Pair joined by Wates, Willmott Dixon and L&Q in initiative

Dame Judith Hackitt - CABE

The country’s biggest housebuilder and second-biggest contractor are among those firms that have signed up to the government’s ‘early adopters’ programme to trial new systems ahead of changes to the building regulations following this year’s Hackitt review.

On Tuesday, within its response to the review, the government announced that Barratt has been joined by Wates, social housing firm Peabody and United Living as part of an initiative to trial the planned changes.

The four follow Kier which joined the early adopters programme back in July along with Willmott Dixon and housing associations L&Q and Salix Homes.

The firms will work with the Joint Regulators Group, who are looking at ways to actively monitor building safety in the construction industry following last year’s Grenfell tower fire in west London.

Joint Regulators Group

Existing regulators and public bodies will work together, and with firms, to look at how safety standards in the construction industry can be better regulated. The bodies are:

Health and Safety Executive

Local Authority Building Control

Fire and rescue services - through the National Fire Chiefs Council

Local Government Association

The firms have signed a Building Safety Charter in which they “demonstrate their commitment to spearhead a culture change and put safety first”.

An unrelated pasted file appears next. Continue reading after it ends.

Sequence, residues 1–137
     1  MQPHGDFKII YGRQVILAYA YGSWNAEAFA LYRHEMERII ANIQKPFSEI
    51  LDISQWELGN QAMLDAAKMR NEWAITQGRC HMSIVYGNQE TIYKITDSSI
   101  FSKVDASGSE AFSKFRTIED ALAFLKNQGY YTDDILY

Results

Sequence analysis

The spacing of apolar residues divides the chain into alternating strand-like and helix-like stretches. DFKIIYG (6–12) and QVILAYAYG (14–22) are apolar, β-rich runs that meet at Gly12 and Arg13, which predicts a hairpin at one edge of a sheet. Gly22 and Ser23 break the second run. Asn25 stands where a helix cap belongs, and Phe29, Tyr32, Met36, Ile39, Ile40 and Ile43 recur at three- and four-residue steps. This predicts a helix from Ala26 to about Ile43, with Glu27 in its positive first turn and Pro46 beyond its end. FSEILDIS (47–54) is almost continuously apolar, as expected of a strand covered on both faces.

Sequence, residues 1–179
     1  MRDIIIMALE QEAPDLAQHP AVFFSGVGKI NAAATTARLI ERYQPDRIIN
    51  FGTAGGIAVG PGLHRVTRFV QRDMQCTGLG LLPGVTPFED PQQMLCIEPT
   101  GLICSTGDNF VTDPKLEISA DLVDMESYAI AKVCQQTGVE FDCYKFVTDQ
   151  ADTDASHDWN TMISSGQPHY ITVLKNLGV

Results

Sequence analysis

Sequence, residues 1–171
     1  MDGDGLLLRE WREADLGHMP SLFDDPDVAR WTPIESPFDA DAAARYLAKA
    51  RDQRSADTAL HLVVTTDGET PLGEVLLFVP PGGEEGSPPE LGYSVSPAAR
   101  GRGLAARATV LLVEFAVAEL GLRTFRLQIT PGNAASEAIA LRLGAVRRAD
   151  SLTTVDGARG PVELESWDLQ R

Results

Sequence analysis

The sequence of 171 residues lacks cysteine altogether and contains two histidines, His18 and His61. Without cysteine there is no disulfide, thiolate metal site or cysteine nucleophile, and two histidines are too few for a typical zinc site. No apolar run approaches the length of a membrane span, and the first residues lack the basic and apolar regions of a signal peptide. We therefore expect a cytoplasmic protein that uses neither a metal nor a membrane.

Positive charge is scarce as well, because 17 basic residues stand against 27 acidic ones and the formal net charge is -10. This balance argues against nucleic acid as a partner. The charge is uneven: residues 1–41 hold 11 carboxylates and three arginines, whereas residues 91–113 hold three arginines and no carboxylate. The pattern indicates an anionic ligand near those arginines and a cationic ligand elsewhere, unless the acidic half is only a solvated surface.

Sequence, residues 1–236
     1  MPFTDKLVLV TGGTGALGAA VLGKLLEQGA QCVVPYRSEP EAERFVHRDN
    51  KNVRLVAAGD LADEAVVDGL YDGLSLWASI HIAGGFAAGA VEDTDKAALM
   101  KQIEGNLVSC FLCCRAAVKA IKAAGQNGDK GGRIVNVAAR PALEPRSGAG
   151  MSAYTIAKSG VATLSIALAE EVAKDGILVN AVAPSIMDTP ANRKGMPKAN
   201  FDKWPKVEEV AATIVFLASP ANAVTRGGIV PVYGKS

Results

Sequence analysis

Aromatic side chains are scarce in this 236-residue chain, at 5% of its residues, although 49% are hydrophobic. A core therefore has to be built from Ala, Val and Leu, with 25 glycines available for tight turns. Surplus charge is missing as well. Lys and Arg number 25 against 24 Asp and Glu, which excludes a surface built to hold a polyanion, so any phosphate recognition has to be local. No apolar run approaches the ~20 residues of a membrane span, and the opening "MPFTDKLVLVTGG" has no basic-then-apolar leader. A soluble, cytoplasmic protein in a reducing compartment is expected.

They are also trying new document management systems for buildings in their portfolios and trialling technologies to better manage their supply chains and establish a record of a building’s make-up.

This includes use of BIM to manage the supply chain and maintain a ‘golden thread’ of information, a key recommendation of Dame Judith Hackitt (pictured).

In September, Willmott Dixon launched an app to keep 600 sub-contractors up-to-date with new policies and regulations.

The government also said progress had been made by the ‘competence steering group’ set up in June. The group of industry representatives are tasked with developing proposals for a regulator to ensure the competence of those working on buildings.

The final proposals are expected to be put forward next April with the government then expected to consider industry proposals and decide whether legislation is needed to underpin a new system to ensure compliance.